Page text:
- Solar also has great potential over next few years, and European countries plan to build solar farms in Sahara desert for their power, while Taiwan plans to launch a 1-passenger solar taxi later this year. The best technology for solar is from Israel engineers and firms, and African countries should learn from there.
- Genetically modified foods which resist pests, require less chemicals and are drought resistant (so far in SA, Burkina Faso, and Egypt)
- Advances in fish breeding, add a growth hormone (not GM) to salmon, and soon tilapia, and will see fish mature faster.
- European countries concerned about GM foods are also big investors in that area, so African should target agricultural products that are relevant to Africa.
- Used to mean paying more, but it is becoming pay less.
- The future is sustainable, renewable energy, use of nanotechnology etc. Africa is not tied to polluting technologies and can start afresh using green technologies. e.g GM seeds – farmers don’t have to buy pesticides, don’t have to weed (turn over their farms) which means soils hold more carbon & moisture.
I.e. Africa has still very high maternal mortality
– Costs of ultrasound come down from $20,000, to $2,000 in a few years, and there are plans to create a cell phone device that costs just $100 (and this is replacing the doctor’s stethoscope)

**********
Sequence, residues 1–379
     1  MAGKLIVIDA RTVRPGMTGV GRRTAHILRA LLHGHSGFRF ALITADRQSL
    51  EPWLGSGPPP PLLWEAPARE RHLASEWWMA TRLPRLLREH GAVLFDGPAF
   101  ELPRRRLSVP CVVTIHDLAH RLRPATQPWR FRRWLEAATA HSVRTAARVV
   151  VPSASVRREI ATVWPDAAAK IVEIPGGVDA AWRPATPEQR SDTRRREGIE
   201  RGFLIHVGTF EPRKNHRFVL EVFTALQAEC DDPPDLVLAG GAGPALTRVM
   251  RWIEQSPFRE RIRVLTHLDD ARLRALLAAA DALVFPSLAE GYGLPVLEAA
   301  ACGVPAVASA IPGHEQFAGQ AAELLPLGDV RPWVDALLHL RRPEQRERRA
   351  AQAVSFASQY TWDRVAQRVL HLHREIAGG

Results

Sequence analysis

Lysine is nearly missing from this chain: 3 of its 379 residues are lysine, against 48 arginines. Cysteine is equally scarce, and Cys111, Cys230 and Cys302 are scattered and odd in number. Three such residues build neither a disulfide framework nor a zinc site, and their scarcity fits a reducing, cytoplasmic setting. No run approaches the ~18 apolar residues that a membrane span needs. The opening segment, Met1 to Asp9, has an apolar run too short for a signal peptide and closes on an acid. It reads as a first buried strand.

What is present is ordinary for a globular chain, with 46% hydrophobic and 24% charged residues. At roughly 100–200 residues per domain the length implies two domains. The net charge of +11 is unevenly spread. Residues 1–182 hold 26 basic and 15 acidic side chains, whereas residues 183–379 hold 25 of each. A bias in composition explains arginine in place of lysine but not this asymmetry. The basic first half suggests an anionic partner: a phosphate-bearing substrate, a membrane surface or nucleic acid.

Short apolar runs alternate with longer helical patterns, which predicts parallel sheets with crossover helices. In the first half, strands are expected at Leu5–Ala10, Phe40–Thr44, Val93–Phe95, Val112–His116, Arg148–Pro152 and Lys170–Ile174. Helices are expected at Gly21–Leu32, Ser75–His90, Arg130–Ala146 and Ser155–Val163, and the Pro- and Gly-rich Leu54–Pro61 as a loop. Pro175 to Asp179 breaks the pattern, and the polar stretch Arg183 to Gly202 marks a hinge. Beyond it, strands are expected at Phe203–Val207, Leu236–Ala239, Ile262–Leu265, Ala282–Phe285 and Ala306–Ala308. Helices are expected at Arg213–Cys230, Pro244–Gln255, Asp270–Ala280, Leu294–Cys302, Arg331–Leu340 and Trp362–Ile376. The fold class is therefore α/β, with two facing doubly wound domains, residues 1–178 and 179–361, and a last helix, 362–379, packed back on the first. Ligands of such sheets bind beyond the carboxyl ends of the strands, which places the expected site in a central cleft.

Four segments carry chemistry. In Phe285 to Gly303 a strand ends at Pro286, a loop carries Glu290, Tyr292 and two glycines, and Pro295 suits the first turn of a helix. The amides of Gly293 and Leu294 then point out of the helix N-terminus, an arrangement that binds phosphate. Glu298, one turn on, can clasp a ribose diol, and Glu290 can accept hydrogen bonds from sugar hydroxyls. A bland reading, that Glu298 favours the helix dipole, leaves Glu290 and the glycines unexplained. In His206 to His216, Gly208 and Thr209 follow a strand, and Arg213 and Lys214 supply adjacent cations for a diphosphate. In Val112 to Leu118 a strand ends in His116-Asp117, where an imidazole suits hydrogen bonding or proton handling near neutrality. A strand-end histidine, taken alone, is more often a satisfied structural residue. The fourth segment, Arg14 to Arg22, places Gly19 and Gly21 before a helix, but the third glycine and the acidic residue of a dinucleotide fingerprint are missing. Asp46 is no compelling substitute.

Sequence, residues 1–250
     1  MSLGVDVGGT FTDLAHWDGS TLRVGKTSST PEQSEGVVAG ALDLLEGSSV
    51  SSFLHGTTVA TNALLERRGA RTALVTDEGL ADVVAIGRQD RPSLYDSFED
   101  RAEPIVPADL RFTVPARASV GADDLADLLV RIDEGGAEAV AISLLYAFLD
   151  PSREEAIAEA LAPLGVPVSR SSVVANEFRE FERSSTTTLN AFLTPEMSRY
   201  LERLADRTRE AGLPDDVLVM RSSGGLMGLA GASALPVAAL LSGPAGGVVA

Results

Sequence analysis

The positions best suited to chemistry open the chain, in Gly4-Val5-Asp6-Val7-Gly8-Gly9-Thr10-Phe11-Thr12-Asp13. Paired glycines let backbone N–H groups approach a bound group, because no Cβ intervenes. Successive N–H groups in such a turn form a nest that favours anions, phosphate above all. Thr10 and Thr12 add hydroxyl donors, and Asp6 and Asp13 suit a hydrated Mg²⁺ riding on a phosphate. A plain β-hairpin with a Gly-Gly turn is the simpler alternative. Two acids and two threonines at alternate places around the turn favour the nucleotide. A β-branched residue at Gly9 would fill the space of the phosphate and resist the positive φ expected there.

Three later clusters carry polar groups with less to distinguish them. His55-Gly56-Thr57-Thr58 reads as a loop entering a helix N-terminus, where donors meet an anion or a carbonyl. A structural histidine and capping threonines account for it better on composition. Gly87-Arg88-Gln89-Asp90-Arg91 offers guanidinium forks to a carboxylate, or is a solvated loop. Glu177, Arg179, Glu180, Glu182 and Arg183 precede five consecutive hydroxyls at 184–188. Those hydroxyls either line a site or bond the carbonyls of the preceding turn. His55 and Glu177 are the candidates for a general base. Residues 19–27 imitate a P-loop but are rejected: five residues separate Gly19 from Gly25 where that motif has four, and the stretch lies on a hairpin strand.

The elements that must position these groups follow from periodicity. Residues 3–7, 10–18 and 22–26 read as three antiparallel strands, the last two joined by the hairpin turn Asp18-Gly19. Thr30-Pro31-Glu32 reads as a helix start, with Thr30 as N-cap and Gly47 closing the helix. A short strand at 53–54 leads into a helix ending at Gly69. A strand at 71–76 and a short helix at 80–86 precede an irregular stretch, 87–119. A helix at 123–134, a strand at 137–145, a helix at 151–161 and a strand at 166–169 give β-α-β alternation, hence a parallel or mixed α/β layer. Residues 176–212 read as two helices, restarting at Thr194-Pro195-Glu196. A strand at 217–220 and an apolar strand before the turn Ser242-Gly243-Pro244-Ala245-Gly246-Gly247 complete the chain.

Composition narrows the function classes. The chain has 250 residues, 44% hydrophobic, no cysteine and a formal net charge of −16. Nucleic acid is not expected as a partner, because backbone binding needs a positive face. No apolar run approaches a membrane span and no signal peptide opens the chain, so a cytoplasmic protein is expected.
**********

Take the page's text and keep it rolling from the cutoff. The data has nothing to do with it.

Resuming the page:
What do these mean for Africa? These are not innovations unless they spread in the marketplace
Innovations Waves have occurred in the history of the world
1st 1785-1845: water power, mechanization, textile industry.
2nd 1845-1900 steam power, steel industry, and cotton industry.
3rd 1900-1950 electrification, chemicals, internal combustion engine.
4th 1950-1990 petrochemical, aviation, space.
5th 1990-2020 digital networks, biotechnology.
6th —- (should incorporate Africa, renewable energy, nanotechnology, Fibre)
With each, with the periods getting shorter and with more countries are drawn into the world economy each time if they utilize the chance to add knowledge to their economies (upgrade their software).